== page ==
Claim: An abused goat kills its owner ... and then is saved from destruction by animal lovers.
Origins: Carl Hulsey was determined to turn his white billy goat, Snowball, into a watchdog, whether Snowball wanted to be one or not. To that end, 77-year-old
Hulsey, a retired poultry worker from Canton, Georgia, took to beating Snowball with a stick to make him more aggressive. "Pa, this goat's going to kill you if you keep that up," Alma Hulsey warned her husband. She was right.
On 16 May 1991, Hulsey once again approached the goat, brandishing a stick. This time Snowball landed the first blow. The 110-pound goat attacked his tormentor, butting Hulsey in the stomach, twice knocking him down. Hulsey scrambled onto the porch in an effort to get away. The goat bounded up the steps after him. While Alma Hulsey watched, Snowball rammed his master over the edge. Hulsey fell to the ground five feet below and died where he landed. "Blunt trauma to the abdominal cavity," said the coroner. Snowball had ruptured Hulsey's stomach.
Domesticated animals that kill human beings, as Snowball did, are often deemed dangerous and put down. Once the goat's story was known, however, the officials who were to decide Snowball's fate were inundated with pleas to spare the creature. More than 500 protesters from around the nation called Cherokee County animal control after it was announced Snowball might be put to death. Many offered to adopt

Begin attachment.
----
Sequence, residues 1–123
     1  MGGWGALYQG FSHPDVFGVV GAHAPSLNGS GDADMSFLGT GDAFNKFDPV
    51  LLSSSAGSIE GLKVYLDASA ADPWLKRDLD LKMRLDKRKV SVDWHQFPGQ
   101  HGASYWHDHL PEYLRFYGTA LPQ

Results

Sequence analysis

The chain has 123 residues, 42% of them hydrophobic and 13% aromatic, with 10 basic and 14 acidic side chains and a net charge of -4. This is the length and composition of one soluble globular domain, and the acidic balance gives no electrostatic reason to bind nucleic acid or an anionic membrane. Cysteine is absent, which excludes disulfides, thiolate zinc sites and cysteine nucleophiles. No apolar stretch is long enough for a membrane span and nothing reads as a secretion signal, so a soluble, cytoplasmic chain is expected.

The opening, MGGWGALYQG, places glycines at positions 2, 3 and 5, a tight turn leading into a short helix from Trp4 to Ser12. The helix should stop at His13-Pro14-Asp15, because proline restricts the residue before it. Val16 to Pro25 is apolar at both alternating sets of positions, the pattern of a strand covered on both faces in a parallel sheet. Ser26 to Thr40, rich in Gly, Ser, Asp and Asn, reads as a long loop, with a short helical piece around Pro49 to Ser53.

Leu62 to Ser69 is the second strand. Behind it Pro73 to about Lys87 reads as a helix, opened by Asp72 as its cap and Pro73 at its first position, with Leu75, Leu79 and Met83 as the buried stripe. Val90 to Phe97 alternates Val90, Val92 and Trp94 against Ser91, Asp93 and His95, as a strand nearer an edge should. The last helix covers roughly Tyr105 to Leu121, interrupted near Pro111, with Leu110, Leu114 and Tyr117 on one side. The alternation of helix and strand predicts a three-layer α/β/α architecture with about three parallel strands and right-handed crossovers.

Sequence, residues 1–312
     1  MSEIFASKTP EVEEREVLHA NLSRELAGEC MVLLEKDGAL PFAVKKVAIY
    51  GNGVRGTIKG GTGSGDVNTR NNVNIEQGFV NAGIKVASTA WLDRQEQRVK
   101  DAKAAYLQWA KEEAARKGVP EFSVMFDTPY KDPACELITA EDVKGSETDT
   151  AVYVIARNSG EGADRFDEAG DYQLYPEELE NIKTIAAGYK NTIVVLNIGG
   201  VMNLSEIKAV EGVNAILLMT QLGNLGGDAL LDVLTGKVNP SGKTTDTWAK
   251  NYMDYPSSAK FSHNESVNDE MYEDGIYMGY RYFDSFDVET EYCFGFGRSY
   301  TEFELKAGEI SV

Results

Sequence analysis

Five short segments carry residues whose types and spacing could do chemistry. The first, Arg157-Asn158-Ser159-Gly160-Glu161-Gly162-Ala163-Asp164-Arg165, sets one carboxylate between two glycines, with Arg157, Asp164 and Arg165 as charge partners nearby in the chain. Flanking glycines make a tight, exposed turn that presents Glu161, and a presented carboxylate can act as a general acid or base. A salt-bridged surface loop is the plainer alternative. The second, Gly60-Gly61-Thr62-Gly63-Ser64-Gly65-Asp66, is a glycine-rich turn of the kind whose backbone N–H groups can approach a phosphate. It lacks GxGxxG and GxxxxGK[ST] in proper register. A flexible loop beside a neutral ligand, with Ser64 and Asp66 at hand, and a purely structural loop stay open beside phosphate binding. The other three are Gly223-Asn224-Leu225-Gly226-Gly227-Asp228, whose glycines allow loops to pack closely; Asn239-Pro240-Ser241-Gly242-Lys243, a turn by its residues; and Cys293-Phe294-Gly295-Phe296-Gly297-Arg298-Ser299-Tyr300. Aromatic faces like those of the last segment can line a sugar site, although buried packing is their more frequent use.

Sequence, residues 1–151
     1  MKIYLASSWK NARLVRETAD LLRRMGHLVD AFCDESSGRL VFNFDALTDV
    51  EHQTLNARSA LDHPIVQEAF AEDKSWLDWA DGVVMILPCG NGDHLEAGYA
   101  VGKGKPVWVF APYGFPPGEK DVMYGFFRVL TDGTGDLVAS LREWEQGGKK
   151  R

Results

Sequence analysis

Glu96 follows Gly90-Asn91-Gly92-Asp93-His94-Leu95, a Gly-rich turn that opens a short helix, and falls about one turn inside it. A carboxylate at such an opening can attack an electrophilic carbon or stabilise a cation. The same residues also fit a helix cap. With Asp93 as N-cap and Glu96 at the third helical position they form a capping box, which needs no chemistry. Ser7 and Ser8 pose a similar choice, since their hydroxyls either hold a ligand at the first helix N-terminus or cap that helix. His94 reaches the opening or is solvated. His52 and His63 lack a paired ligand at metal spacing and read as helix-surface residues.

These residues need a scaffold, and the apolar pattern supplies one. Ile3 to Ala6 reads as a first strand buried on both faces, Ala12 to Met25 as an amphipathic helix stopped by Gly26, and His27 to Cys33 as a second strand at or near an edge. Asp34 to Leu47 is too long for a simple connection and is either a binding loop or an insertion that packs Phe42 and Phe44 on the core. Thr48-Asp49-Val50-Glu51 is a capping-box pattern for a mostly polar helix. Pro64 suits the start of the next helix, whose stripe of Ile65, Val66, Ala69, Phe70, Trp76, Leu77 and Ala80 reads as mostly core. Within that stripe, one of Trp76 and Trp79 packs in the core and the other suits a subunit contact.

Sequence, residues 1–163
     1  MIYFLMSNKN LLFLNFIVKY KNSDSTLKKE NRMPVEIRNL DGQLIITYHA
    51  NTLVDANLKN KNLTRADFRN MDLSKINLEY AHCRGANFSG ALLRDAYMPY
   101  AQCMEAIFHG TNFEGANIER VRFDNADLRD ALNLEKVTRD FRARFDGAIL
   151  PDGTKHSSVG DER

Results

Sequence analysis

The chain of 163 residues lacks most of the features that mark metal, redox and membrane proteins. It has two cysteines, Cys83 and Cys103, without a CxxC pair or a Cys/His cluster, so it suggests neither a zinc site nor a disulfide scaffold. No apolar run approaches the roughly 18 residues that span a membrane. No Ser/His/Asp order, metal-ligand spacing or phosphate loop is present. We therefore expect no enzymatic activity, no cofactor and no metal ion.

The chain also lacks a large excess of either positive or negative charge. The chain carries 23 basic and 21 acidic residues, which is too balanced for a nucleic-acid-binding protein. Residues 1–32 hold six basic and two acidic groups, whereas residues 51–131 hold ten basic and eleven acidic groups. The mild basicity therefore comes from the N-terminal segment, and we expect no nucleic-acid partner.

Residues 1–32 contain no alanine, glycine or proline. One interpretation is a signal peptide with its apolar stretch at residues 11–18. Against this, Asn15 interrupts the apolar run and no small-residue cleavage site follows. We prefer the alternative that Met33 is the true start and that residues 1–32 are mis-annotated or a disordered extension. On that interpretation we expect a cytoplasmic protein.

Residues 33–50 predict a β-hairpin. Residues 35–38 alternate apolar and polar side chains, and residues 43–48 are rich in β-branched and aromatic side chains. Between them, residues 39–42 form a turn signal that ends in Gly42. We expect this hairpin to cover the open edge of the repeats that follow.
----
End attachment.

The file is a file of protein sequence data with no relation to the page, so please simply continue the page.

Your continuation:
Snowball. Some even made death threats. "What happens to the goat happens to you," one caller reportedly warned. There was also talk of a bomb being planted if the goat didn't walk.
Snowball got his reprieve. He was turned over to Noah's Ark, a private animal shelter for neglected and abused animals in Locust Grove, a little town south of Atlanta. Four hours after his arrival, he was laid on a kitchen table and neutered, an operation intended to make him less aggressive. He was also rechristened "Snow."
Why this furor over a goat and the seeming lack of concern for the man whose life it had ended? In the small community Hulsey had been part of, he was well and truly mourned. Yet outside that pocket of acquaintance, sentiment ran the other way — many animal lovers saw a certain divine justice in his fate. He'd brought harm to an animal, and the animal had struck back.
As Tom Teepen, editor of the editorial pages of The Atlanta Constitution, noted:
We are keener to understand and spare an abused goat than an abused human. Indeed, when a human kills, we sneer at his defense as a dodge — 'Yeah, yeah sure, his mother didn't love him' — yet we are sentimental about killer goats. We are a very strange animal.